BATON ROUGE – Gov. John Bel Edwards urged lawmakers to cast aside partisan politics in their effort to close a $304 million gap in the mid-year state budget.
Gov. Edwards made his remarks Monday night in an address to a joint session of the House and Senate on opening night of a 10-day special legislative session at the State Capitol.
“Let us be Louisianans first – not Democrats or Republicans,” he said. “Let us put Louisiana first – not rigid partisanship or political self-interest.”
Gov. Edwards asked lawmakers to consider a $119 million withdrawl from the Budgetary Stabilization Fund, also known as a “rainy day fund,” to help prevent deeper cuts to the budget.
The withdrawl from the Rainy Day Fund amounts to one-third the amount in the savings coffers.
The use of the Rainy Day Fund has drawn sharp debate among Republican lawmakers – including the delegation from Livingston Parish – who believe Gov. Edwards should pursue cuts before he dips into the reserves.
The withdrawl represents 40 percent of the budget shortfall.
“I am aware of the criticisms of using this approach, however, we should be mindful that, the Budget Stabilization Fund was created for this very purpose,” he said. “In fact, before I took office, the state tapped this fund four times during the last administration when our budget challenges were much less severe.”
The state endured an unexpected hit of $246 million from unreimbursed expenses related to the Great Flood of 2016, which also dented the coffers.
State Sen. Dale Erdey, R-Livingston, said the governor’s request came as no surprise.
“In a sense, the reference to the flood lets people know it’s raining, and that’s what the Rainy Day Fund is all about – taking care of unexpected expenses,” he said. “The only problem is that there’s this tendency to kick the can down the road rather than dealing with the cuts today.
“Rather than dealing with it now, he’ll have to deal with it later, but we have unexpected expenses from the Great Flood of 2016,” Erdey said.
The Rainy Day Fund will likely trigger the most contentious debate during the special session, he said.
Gov. Edwards cited the plummet in oil prices for much of the state’s budgetary woes. Oil dropped from $110 per barrel in August 2013 to $26 per barrel last year, and has increased to $53 on the current market.
The Edwards Administration anticipates the hike in oil prices will help the state deposit an additional $25 million into the Budget Stabilization Fund later this fiscal year. The state could also receive an additional $360 million over the next 15 years from the BP Settlement in relation to the Deepwater Horizons crisis in 2010.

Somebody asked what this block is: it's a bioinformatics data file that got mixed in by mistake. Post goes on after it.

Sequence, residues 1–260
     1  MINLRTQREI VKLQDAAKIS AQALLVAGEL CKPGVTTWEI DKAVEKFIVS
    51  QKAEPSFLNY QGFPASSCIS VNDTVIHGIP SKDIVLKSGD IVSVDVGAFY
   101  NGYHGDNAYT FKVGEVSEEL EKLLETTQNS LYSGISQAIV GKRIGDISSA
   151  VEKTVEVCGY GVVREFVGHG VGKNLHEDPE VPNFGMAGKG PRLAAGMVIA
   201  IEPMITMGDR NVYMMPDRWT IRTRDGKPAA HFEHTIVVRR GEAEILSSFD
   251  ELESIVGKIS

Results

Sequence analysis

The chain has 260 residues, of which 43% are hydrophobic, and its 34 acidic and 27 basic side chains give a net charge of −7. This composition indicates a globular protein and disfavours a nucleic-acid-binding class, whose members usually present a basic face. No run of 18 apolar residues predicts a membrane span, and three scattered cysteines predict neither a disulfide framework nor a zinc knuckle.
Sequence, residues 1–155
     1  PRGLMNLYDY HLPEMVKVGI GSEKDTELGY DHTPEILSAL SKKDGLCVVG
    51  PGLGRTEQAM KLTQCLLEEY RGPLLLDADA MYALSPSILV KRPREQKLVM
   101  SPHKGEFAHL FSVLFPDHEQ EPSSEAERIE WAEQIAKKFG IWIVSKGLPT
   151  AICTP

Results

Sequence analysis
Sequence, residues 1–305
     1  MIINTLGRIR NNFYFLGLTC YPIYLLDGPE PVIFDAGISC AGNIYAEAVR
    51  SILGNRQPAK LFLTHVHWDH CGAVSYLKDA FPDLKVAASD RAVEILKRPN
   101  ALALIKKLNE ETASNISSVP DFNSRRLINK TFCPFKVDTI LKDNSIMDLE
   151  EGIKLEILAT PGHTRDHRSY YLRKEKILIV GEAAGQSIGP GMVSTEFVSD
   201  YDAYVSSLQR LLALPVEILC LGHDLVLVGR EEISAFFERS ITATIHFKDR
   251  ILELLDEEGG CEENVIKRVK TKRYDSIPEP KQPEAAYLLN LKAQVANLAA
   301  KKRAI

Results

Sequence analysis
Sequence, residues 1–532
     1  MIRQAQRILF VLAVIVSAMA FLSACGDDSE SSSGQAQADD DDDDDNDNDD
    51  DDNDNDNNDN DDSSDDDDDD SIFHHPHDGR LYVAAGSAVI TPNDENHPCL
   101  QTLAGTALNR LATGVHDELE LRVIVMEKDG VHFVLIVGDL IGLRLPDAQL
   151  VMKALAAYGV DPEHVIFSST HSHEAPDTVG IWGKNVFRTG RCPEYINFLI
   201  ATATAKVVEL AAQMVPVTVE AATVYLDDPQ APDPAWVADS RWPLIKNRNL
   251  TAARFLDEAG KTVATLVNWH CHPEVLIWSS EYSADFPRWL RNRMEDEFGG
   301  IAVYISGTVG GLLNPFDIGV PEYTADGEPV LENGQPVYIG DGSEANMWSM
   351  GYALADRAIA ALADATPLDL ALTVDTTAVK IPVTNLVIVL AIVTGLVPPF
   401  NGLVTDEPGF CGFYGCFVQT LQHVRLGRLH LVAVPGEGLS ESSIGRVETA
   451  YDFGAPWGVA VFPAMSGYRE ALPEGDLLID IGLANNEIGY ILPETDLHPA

“Simply put, not using the Budget Stabilization Fund, in my view, would be a mistake,” Gov. Edwards said. “Not using the Budget Stabilization Fund would inflict more pain upon Louisianans than is necessary or advisable.”
A vote against use of the Rainy Day Fund would lead to cuts to higher education, K-12 education, waivers, public safety, law enforcement, child abuse prevention, foster care and state-partner hospitals, he said.
“That’s not fear-mongering, a scare tactic, or an exaggeration. It is reality,” Gov. Edwards said.
The state budget shortfall comes off a spending plan that kicked off the current fiscal year $326 million short of the funding needed to provide the same level of service from the last fiscal year.
The 2017 budget included a $90 million cut to the TOPS program, as well as cuts to higher education, corrections and other departments and agencies – including the executive, judicial and legislative branches.
“It is an honest budget that was crafted without the use of one-time money and contains no fund sweeps,” Gov. Edwards said. “There were no contingent appropriations (because of my veto) or other gimmicks.”
Gov. Edwards told lawmakers he’s open to other ideas.
“If there is another option out there, let’s discuss it, he said. “Compromise isn’t a bad thing, but it is counterproductive to our mission to constantly criticize and oppose without offering a viable alternative.
“If collectively, you prefer more mid-year cuts than I have proposed, then propose those specific cuts and vote for them,” he said. “But, don’t resort to budget gimmicks; propose your cuts honestly and transparently. And let’s debate it. Let’s hear from our constituents and stakeholders. That’s why we are here.”
Compromise remains possible in spite of the potentially divisive nature of the session, Erdey said.
“We’ve often said in this arena that good legislation is a matter of compromise,” he said. “When you have to balance a budget with so many areas to cut, compromise will have to be the name of the game.”